Aquatic & Fisheries Biology
Aquatic ecosystems produce many resources that we rely upon for our health and welfare. They not only support sport and commercial fisheries but also provide ecosystem services like water for agriculture, drinking water, waste water treatment, and natural transportation corridors. Largely because of our reliance on them, these systems face increasing threats from habitat alteration, drought, water withdrawal, pollution, invasive species, and other environmental changes. Natural resource managers in this field use their knowledge of the ecological and environmental factors which affect fishes and other aquatic organisms in order to balance the growing demand on our water resources with the need to maintain fisheries and ecosystem services.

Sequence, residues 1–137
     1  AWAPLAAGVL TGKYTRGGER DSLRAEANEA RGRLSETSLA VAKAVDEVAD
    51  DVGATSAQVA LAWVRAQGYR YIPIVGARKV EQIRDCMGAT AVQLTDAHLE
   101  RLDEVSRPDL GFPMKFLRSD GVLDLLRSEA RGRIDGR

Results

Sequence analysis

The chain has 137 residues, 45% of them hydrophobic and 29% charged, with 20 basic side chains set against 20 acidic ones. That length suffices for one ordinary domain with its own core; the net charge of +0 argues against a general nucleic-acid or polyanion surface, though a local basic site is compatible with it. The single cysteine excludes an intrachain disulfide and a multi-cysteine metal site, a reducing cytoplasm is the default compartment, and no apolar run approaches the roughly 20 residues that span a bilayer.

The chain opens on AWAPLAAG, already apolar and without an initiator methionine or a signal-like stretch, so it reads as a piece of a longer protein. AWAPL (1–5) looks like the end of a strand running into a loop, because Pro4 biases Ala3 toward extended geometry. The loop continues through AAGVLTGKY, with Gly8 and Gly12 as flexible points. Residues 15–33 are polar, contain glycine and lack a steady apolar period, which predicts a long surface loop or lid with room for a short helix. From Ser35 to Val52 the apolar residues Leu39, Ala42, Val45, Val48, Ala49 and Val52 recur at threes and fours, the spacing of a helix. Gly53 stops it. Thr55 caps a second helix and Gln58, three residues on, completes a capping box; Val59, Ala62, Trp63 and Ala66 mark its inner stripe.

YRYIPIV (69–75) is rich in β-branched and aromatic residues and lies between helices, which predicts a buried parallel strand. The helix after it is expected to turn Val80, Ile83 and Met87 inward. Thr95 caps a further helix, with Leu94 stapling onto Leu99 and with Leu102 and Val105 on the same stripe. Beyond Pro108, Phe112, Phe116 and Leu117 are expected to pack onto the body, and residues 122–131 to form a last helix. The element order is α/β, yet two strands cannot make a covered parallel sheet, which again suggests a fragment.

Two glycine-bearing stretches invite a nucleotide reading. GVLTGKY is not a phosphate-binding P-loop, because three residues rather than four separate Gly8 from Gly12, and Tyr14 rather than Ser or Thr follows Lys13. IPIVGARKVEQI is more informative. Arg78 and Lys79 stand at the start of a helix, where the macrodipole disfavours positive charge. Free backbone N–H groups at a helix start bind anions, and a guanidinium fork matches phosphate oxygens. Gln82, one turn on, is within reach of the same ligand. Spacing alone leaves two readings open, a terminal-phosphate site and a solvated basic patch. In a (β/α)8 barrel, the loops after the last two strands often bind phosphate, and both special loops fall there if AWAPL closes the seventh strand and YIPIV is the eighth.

Careers in this field range from very applied (e.g. understanding impacts of dams on fish reproduction) to more basic research such as working on understanding the biology of a threatened or endangered species (e.g. Pecos assiminea snail). Graduates work in a variety of settings, including government agencies, consulting firms, and non-governmental organizations.